Whole brain radiation has historically been the treatment of choice for brain metastases. Stereotactic radiosurgery is an advanced form of radiation therapy that targets just the tumor, sparing healthy surrounding brain tissue.
Stereotactic Radiosurgery for Brain Metastases
Whether you were just diagnosed with brain metastases or already have a procedure scheduled, it is good to learn more about the treatment options available in northern NJ. Self-education is a powerful way to reduce some of the stress you may be feeling during this time. One treatment option you may have heard about is stereotactic radiosurgery. This can be an excellent treatment option for many NJ patients. The following information discusses the procedure, as well as risks and benefits of stereotactic radiosurgery.
What is Stereotactic Radiosurgery?
Stereotactic radiosurgery is an advanced form of radiation therapy that was developed in Sweden in the 1950s. In contrast to whole-brain radiation, which doses both healthy and tumor tissues, stereotactic radiosurgery can target a focused area. This means healthy surrounding brain cells and structures are spared.
There are different ways of delivering stereotactic radiosurgery. These include Gamma Knife radiosurgery and CyberKnife. Though the technologies and actual procedures are different, the overall treatment methods are similar. The information below is related to stereotactic radiosurgery in general, rather than a particular delivery system.
Choosing Stereotactic Radiosurgery for Brain Metastases
Metastatic brain cancer develops when tumor cells from cancer elsewhere in the body, such as the lung or breast. This means the cells that make up your brain metastases may not be the same as the next patient’s. As a result, your treatment plan will be tailored specifically for your individual needs. Factors your doctor will take into consideration include:
- The origin of your brain metastases (lung, breast, kidney, etc.)
- The number of tumors present
- The location of your brain metastases
- Your overall health
It is possible to treat more than one tumor during a single session of stereotactic radiosurgery. High-functioning patients with single or multiple brain metastases are excellent candidates, particularly for Gamma Knife radiosurgery.
The Treatment Process
Stereotactic radiosurgery takes place in an outpatient setting. This means you do not have to stay overnight in the hospital. There are differences in the Gamma Knife radiosurgery and CyberKnife treatment processes, which you may wish to learn more about. During stereotactic radiosurgery, you will be awake the entire procedure and able to communicate with your treatment team.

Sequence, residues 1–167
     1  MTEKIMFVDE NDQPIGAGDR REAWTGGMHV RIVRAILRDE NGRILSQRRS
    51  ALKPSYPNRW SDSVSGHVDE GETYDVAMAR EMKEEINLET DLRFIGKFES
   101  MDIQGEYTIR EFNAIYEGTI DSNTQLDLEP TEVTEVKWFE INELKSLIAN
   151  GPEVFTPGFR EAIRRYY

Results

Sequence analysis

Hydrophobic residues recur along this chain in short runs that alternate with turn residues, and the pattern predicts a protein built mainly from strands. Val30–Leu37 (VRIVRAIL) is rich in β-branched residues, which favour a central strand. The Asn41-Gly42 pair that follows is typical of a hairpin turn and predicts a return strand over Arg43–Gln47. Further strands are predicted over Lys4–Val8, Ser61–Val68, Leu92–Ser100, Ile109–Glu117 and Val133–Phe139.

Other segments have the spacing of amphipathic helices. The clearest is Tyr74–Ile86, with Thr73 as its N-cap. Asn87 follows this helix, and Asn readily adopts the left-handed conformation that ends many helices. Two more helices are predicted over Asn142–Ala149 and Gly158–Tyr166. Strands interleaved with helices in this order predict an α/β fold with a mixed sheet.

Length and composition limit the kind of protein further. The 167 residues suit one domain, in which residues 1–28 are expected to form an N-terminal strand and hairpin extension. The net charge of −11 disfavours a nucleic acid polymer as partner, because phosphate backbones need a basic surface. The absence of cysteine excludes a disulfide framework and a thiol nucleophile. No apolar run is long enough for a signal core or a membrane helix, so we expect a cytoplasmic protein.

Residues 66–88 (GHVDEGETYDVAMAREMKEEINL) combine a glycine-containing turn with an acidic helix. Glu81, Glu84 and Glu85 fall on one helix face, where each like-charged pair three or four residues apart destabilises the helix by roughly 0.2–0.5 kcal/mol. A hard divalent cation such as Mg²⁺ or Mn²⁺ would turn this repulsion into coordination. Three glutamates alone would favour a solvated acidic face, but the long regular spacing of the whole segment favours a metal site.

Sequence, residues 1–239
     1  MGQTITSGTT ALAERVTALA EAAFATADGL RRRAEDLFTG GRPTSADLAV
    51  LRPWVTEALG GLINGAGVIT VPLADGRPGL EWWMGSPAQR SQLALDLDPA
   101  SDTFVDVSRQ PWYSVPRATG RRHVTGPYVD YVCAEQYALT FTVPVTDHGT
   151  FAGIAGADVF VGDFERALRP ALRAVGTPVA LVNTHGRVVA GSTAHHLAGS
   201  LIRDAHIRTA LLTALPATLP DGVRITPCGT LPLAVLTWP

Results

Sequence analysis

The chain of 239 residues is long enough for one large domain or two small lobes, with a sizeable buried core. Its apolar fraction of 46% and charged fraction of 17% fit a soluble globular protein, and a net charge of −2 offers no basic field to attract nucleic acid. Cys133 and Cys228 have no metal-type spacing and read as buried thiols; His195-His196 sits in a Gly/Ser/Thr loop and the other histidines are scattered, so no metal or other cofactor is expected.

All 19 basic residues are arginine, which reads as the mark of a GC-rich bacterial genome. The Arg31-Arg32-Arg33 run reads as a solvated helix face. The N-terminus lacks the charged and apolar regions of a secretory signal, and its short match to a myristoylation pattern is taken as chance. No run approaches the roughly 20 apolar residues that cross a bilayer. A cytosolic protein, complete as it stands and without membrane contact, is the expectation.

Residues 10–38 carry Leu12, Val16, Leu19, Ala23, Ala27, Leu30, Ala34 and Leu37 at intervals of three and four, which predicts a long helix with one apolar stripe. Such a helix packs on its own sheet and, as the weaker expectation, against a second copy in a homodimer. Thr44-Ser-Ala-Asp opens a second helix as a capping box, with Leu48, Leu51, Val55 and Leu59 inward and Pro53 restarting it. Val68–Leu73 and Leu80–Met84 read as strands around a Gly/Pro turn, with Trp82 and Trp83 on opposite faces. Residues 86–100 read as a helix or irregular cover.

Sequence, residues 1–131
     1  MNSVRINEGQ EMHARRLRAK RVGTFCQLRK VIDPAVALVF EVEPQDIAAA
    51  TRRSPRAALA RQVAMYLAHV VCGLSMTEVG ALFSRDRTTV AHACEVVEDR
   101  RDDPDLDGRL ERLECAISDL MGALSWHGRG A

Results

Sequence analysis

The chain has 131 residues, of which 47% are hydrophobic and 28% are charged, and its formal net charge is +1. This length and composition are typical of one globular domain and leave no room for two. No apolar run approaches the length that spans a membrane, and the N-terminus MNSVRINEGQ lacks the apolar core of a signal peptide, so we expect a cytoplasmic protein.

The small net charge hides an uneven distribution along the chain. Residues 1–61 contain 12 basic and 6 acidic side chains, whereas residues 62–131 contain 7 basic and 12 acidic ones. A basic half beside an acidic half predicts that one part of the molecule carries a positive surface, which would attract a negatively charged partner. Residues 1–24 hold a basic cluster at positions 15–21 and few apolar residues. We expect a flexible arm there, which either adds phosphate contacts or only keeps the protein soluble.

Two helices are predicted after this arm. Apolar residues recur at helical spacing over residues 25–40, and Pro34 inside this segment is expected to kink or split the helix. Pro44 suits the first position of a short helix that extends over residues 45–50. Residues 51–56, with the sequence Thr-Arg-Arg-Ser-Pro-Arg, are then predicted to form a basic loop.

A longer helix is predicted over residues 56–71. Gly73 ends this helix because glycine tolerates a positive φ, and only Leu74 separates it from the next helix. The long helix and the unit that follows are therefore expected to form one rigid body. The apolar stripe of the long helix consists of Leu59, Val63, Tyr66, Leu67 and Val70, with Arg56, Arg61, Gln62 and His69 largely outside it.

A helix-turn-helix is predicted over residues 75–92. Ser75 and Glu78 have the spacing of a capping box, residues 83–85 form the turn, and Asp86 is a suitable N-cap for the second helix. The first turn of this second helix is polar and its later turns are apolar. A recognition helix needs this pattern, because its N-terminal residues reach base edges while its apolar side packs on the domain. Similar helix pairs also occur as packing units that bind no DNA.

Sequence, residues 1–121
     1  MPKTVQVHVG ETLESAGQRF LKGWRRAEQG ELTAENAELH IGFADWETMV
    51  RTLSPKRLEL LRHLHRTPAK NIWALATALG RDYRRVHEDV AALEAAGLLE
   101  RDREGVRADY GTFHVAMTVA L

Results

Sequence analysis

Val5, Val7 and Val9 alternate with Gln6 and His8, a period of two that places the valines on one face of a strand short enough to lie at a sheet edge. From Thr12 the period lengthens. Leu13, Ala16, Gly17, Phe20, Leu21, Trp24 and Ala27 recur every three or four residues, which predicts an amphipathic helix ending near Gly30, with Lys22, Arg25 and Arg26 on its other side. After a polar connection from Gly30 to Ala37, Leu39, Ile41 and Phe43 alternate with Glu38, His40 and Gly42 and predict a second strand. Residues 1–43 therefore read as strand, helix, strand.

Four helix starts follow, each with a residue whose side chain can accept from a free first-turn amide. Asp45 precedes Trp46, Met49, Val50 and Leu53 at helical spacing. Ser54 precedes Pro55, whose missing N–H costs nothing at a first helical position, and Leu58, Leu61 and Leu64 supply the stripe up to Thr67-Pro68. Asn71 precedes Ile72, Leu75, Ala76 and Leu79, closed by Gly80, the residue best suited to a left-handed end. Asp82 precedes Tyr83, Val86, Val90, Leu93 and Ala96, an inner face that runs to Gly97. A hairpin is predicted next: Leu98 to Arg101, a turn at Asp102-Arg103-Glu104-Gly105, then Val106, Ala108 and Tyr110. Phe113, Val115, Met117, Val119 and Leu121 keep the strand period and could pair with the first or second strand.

Actual treatment takes from 15-90 minutes, depending on the delivery system and the size, location and number of brain metastases being treated. Patients undergo 1-5 treatment sessions, again depending on individual treatment needs. Patients typically return home an hour or two after completing treatment and resume normal activities within 1-2 days.
Benefits & Risks of Stereotactic Radiosurgery for Brain Metastases
Before recommending stereotactic radiosurgery for brain metastases, your personal doctor will take into consideration all of the benefits and risks. However, it can be helpful to have an understanding of the risks and benefits of stereotactic radiosurgery in general.
Benefits of Stereotactic Radiosurgery
When compared to whole-brain radiation, stereotactic radiosurgery for brain metastases offers the following benefits:
- Focused delivery of treatment, sparing healthy surrounding tissue
- Less unpleasant side effects, such as hair loss, nausea, headaches and fatigue
- Quicker, milder recovery
- Fewer treatment sessions
There are also benefits of stereotactic radiosurgery for brain metastases when compared to surgery. While some patients may require surgical removal of all or part of their tumors, others may have an option. Benefits of stereotactic radiosurgery include:
- No incisions, sutures or scarring
- No hospital stay
- No risk of reaction to general anesthesia or other surgical risks
- Less pain following treatment
- Ability to return to activities within a day or two, rather than weeks of recovery
- Reduced risk of nerve and brain damage
Risks of Stereotactic Radiosurgery
As with any medical procedure, there are risks following stereotactic radiosurgery. This includes side effects that occur immediately, as well as delayed effects. Risks of stereotactic radiosurgery for brain metastases include:
- If a head frame is used, there may be itching or redness at the pin sites. This typically only lasts a day or two.
- You may have a headache, fatigue or nausea following treatment. Your doctor can prescribe medications to make you more comfortable, but these effects are usually mild and transient.
- Some patients may experience swelling of the brain in the months after treatment. This can also be treated using medications.
The Right Treatment for You
If you are still in the treatment planning phase, understanding all of the options available in the tri-state area is an important part of making an informed decision. Once you have your procedure scheduled, it is equally important to know what you can expect before, during and after treatment. This includes all of the risks and benefits of stereotactic radiosurgery for brain metastases.
Continue the discussion with your personal doctor. He or she will be able to discuss the specific risks and benefits of stereotactic radiosurgery for your individual case. Maintaining open communication with your doctor will help you rest easy, knowing your health is in good hands.
"We all agreed this was the best treatment for me." - Kathlene Laurel